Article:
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NEWS | June 6, 2024

Catch me if you can!

By MaryTherese Griffin Army Recovery Care Program

If you feel the need for speed, you might want to check out Retired Staff Sgt Gene Calantoc when he competes in the 2024 Department of Defense Warrior Games June 21-30th at the ESPN Wide World of Sports Complex I Orlando. “I like rugby as a team sport- I’m very fast in the wheelchair,” says Calantoc, who proudly wears his Team Army Jersey and shares his road to the Warrior Games.

Calantoc is missing his left leg because of a motorcycle accident in March of 2020.” I tell people today, never ride alone. You could be doing the right thing, minding your business. Something happens to you. If you ride with others, you can have immediate help. It’s a blessing,” said the Horizontal Construction Engineer who rode with six friends when his accident happened. All his friends were able to help him survive.

“Initially, I lost my leg below the knee, but I had several surgeries due to infection, and they had to go back in and take more. I am now an above-the-knee amputee,” said the married father of three.

“I woke up at the hospital missing a leg. I am thankful I am alive for sure, but now I have this new disability, and I had to figure things out. I never heard of adaptive sports until I got to the Soldier Recovery Unit (SRU) at Joint Base San Antonio.”

He knew he had his work cut out for him. “It was weird at first. I played many sports, like soccer, basketball, volleyball, you name it, while I had both legs. I initially thought, how will I do this with just one leg?”
Wounded, ill, or injured Soldiers have many avenues to recover and overcome at Soldier Recovery Units, and Calantoc gravitated to adaptive sports.

“I have many goals. My first goal was to make Team Army and compete at the Warrior Games. I’m doing that! Next, I want to make Team US and go on to Invictus. Then, I want to go to the Paralympics for archery and powerlifting.”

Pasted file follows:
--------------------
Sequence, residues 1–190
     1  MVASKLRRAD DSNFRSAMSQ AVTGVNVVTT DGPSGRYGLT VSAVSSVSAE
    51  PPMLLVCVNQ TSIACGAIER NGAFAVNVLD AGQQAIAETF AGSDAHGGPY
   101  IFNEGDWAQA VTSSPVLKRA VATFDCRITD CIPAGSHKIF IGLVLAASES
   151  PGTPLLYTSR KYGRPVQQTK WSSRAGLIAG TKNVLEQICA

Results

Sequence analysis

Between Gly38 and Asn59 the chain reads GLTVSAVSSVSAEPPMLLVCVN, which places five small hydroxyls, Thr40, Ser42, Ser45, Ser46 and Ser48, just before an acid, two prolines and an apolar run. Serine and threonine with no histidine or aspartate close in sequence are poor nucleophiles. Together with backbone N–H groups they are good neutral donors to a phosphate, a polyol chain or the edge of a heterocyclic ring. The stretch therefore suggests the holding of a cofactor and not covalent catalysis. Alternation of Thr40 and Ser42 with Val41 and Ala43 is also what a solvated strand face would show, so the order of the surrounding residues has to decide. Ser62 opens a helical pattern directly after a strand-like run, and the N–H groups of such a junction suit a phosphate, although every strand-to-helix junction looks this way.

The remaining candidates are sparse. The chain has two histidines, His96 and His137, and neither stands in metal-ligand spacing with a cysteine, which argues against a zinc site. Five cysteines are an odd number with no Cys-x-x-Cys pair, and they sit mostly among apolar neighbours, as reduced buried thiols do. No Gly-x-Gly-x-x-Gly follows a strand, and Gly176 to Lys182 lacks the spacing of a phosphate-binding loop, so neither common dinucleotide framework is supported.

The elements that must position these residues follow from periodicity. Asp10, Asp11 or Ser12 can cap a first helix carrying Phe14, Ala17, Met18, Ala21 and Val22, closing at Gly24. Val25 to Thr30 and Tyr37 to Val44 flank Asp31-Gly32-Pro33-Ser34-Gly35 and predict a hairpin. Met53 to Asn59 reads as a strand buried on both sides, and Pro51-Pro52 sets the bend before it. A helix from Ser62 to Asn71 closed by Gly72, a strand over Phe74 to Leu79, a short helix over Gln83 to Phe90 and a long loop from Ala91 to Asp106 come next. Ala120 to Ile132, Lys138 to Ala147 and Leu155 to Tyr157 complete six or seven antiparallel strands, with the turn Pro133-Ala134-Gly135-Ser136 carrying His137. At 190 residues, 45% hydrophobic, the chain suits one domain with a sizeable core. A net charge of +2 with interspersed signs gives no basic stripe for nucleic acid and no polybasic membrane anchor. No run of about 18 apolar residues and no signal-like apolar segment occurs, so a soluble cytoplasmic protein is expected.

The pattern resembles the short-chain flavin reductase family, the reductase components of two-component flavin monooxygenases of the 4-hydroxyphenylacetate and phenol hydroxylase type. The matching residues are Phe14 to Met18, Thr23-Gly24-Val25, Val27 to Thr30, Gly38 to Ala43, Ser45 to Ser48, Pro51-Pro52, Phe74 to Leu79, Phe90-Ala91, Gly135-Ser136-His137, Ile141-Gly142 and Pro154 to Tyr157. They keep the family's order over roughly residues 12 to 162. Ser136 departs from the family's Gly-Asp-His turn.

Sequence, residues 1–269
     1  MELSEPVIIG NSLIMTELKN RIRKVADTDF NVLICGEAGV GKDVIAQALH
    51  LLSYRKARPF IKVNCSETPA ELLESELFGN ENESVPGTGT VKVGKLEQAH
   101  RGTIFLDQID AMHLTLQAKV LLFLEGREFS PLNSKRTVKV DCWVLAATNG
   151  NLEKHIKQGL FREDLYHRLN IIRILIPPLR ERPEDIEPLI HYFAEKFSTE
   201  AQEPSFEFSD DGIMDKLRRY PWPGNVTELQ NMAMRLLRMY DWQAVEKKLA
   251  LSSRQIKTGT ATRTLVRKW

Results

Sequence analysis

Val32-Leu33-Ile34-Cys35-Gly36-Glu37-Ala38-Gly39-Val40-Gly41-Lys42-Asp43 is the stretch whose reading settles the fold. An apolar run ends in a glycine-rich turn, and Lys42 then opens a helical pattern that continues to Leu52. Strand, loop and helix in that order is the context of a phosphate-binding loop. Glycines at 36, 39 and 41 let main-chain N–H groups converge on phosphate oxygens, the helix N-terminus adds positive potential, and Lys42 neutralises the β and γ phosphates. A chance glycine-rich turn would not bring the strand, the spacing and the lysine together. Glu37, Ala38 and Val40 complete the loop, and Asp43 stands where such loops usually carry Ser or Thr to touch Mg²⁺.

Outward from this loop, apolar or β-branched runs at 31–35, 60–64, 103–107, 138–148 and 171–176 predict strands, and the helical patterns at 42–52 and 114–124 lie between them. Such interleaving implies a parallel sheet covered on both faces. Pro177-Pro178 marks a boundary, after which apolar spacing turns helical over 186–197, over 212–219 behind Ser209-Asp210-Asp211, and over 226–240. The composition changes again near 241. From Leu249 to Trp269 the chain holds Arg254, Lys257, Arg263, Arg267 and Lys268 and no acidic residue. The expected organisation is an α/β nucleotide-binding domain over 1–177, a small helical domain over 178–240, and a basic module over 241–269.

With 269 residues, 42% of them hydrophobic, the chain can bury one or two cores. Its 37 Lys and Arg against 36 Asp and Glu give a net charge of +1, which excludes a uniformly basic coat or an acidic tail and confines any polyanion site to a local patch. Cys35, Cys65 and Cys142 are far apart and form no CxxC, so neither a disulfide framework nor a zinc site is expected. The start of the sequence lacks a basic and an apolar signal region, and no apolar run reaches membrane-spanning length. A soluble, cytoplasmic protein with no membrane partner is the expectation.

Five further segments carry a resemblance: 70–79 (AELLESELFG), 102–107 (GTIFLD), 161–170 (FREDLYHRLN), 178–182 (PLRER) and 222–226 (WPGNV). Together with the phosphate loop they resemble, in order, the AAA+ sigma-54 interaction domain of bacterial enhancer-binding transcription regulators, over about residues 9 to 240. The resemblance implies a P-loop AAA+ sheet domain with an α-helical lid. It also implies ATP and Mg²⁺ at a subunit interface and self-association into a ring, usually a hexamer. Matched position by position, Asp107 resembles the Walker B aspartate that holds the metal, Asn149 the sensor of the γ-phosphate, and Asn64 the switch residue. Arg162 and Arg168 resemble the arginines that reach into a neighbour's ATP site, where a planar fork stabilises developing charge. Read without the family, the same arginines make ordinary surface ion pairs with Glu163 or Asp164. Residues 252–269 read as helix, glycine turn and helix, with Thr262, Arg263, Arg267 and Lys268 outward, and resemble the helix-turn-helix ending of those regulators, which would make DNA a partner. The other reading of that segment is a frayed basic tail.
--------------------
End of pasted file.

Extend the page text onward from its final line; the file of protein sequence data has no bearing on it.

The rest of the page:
Calantoc has some power behind his build, not only in a wheelchair or a cycle but also on the weight-lifting bench. “I weigh about 130 and push 259. My big goal is to double my weight, and I am almost there.”

He says he trains hard five times a week.” I work with a powerlifting coach and train in archery, rugby cycling, wheelchair basketball, and rowing, which are spread throughout the week.”

He also says he doesn’t wear his leg when he rows. “ It sucks,” he says, laughing, “ because once I start rowing, all that bending in my leg, it’s a lot of pressure on my right leg, but I row better this way.”

His discipline and positive outlook keep him pumped yet grounded. “I look at what I did in my last competition, and my goal is to beat myself from the last time. I have to do better today than I did yesterday.”

The other part that keeps him pumped is being at the Warrior Games with the most incredible people. “It’s great knowing I am part of Team Army, and I will do my best, and my family will cheer me on- I’m so ready!”

He’s ready to help in any way with like-minded athletes who are going through some mental or physical change. “I’m excited to bond with my brothers and sisters. We all know that having an injury or illness is not the end of your life. There are ways to get through, and competing together in adaptive sports is just one of many outlets to do that."

Maneuvering through life and in sports has some speed for Calantoc, which he says comes naturally. “I go fast now, missing a leg; you gotta tell me to slow down. It's challenging, but I accept the challenge, and what can I say? I go fast. When I see guys that can play better than me, I accept the challenge, and that's the only way for me to get better.”

He is ready to show off his speed in competition at Warrior Games and let us in on a secret. “The folks from the Air Force don’t know I'm playing wheelchair basketball and rugby, and I've played with them in San Antonio for fun. They don’t know what's coming- I say be ready – you gotta catch me!”